Yea...I"m further along in the book now and I have to hand it to Tiger. He just really loved the game of golf so much he kinda overcame a strange childhood. It reminds me of the way Michael Jackson was raised. Neither one of them had what I would consider a normal childhood. 

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I could haven sworn I posted in this thread, but I guess not. I read the book a few months ago, and hold mixed feelings.

It messes up a good amount of basic facts, confuses dates, and contains some bizarre typos. That makes it more difficult to believe some of the more bombshell-ish revelations.

I also think from a big-picture standpoint the book just fails overall. All of the "bad" doesn't have any impact without also describing the "good." The 1997 Masters, the golf part, consisted of about 3 pages. The 2008 U.S. Open was even shorter. There's no tension to it. IMO if you really want to succeed with a book like this, you need to provide the contrast between the professional success and the personal failures. Otherwise all you have a hit piece (which this book comes close to reading as) or PR (which Tiger's book about the '97 Masters comes off as).

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10 hours ago, jamo said:

I could haven sworn I posted in this thread, but I guess not. I read the book a few months ago, and hold mixed feelings.

It messes up a good amount of basic facts, confuses dates, and contains some bizarre typos. That makes it more difficult to believe some of the more bombshell-ish revelations.

The book is, IMO and yours too, very difficult to read for someone who knows these basic facts and dates and names and things. You're right that they're constantly getting stuff wrong. Simple, easy stuff.

And yet Armen has, repeatedly and vociferously, defended their fact-checking. Dude, when you can't even get the year that some event was won in dramatic fashion or something, I doubt your fact-checking on other stuff is all that great. The dates for some things you can check on Wikipedia, for crying out loud. The authors' fact-checking crew should refund whatever they were paid.

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Just finished the book. It seems Tiger had a different childhood that led to flawed adulthood. Either these guys have a personal agenda, or Tiger is a terrible person. As a marshal at Tiger's tournament in DC, my father has had several brief interactions with Tiger, and he said Tiger seemed friendly and courteous to him.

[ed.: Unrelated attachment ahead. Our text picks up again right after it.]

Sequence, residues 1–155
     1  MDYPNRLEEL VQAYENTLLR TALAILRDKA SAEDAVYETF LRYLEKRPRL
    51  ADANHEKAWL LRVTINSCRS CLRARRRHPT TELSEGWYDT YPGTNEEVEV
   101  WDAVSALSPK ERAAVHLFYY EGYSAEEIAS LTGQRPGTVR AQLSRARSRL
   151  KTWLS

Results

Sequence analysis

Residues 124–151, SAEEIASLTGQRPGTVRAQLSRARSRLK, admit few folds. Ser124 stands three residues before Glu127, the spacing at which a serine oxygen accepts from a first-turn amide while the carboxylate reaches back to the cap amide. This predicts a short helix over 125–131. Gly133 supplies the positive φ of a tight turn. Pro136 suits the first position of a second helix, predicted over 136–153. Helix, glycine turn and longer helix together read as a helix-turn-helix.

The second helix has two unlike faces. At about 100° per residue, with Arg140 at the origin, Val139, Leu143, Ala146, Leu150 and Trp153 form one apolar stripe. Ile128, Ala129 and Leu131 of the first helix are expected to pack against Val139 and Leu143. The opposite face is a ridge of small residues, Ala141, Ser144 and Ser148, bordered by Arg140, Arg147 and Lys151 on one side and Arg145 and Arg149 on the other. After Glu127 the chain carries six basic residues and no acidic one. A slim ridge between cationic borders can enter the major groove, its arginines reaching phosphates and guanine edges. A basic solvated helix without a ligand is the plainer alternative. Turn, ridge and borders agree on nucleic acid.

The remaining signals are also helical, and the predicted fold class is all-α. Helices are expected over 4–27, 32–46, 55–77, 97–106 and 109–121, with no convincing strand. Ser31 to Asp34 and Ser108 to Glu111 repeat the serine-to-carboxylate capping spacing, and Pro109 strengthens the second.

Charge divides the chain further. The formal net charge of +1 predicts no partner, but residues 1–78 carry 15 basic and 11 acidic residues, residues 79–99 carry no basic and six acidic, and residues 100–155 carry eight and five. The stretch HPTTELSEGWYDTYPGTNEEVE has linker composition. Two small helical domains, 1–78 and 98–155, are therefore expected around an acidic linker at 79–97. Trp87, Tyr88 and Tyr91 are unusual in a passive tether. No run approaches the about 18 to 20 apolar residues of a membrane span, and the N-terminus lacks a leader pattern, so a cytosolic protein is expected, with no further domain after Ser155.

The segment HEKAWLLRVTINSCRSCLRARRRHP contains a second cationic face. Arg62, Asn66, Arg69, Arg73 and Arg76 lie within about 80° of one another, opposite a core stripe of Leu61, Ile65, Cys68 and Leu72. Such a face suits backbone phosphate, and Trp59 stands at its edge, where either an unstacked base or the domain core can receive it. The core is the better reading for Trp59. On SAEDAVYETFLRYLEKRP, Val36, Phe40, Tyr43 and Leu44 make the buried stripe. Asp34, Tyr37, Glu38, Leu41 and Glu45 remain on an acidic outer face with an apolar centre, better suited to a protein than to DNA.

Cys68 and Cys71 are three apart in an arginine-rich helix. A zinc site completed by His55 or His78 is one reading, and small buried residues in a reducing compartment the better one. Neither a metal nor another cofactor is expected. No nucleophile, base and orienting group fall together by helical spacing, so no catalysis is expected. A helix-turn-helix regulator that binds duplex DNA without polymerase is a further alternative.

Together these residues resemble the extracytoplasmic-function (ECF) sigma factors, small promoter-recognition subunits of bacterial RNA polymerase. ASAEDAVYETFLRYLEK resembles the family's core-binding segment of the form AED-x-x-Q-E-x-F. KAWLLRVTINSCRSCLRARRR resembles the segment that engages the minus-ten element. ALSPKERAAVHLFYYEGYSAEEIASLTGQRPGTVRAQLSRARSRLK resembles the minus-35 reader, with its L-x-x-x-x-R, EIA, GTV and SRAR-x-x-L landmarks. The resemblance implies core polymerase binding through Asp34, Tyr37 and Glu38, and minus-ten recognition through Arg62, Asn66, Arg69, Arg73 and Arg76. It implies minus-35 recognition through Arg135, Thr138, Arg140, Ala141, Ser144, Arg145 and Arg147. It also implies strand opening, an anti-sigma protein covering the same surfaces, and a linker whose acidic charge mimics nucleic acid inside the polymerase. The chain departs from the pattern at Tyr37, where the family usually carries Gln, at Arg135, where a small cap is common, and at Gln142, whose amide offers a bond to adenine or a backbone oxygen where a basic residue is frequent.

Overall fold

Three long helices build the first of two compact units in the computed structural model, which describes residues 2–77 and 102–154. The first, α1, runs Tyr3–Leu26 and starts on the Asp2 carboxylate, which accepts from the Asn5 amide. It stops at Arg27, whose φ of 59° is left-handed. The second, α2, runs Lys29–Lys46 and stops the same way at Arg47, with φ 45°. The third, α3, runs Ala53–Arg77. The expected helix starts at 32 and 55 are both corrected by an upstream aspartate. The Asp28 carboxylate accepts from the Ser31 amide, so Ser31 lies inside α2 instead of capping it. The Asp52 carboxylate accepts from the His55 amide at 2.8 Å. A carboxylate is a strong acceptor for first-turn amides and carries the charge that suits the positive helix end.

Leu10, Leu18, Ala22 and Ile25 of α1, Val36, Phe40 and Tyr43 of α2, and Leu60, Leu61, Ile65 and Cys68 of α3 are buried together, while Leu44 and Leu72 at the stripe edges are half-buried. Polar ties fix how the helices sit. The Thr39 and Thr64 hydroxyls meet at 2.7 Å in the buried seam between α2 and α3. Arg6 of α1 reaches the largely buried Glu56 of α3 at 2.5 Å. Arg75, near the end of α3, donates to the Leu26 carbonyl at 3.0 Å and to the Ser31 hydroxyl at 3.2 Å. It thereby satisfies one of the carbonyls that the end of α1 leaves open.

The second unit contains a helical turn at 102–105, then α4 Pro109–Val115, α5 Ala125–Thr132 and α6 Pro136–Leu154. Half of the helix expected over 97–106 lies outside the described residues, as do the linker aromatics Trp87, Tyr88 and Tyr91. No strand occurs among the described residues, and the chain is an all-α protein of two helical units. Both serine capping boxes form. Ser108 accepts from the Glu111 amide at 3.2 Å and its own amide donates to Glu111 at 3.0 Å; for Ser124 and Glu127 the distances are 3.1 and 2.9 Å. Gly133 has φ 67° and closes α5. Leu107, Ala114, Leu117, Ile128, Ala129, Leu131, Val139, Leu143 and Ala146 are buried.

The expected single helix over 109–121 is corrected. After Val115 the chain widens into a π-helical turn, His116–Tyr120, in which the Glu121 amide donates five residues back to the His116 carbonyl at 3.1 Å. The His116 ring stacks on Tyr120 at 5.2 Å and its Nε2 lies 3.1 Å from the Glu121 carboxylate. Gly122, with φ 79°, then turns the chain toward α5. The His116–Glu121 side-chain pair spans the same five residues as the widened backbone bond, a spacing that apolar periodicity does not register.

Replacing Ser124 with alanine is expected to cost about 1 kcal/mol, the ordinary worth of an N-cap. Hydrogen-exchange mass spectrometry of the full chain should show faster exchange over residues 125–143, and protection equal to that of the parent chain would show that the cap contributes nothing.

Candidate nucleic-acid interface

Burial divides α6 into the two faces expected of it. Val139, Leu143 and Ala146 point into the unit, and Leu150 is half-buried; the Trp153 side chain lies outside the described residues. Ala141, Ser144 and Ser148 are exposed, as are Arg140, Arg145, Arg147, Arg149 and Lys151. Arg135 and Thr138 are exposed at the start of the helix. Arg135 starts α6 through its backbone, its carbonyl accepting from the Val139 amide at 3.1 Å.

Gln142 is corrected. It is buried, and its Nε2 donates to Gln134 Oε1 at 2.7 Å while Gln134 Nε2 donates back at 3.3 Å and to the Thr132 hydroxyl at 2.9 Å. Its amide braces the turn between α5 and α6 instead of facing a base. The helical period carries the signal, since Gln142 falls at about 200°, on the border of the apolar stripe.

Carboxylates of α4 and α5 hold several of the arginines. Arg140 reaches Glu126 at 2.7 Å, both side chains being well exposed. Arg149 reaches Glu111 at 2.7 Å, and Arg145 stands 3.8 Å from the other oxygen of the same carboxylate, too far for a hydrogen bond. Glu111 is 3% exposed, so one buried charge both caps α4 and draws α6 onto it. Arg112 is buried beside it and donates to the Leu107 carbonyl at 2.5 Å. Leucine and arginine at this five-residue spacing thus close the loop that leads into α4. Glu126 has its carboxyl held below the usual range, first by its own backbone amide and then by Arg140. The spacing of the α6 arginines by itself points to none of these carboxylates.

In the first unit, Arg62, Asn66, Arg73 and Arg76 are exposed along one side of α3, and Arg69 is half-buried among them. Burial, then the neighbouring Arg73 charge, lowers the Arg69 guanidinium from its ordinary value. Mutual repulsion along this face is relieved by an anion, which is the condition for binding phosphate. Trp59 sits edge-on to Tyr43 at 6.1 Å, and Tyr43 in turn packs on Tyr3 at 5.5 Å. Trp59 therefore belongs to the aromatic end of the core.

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17 minutes ago, Sandy Divot said:

Just finished the book. It seems Tiger had a different childhood that led to flawed adulthood.

Matter of opinion there. Everyone has a flawed adulthood. I don't get comments like this. To me, it speaks like someone has an opinion on how every human being should turn out.

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3 minutes ago, saevel25 said:

Matter of opinion there. Everyone has a flawed adulthood. I don't get comments like this. To me, it speaks like someone has an opinion on how every human being should turn out.

Mabye I should have said that the book implied that Tiger's childhood led to his shortcomings as an adult. I don't have any preconceptions on how humans should turn out, except to say I usually hold people in high regard, unless they give me a reason to do otherwise. If you quoted my entire post, it would have shown a reason for me to think well of Tiger regardless of the tone of the book.

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Personally if a flawed adulthood meant I became the most successful golfer in history and made over $1,000,000,000 since the age of 20, my only question would be which dotted lines do I need to sign to have that kind of flawed adulthood.

I'm not necessarily sure that Tiger's childhood necessarily translated into his issues later in life, at least in terms of infidelity. It's possible that he was exposed to a lot of it since he grew up around the military, but there's certainly no indication that it was present in his father to set an example for him.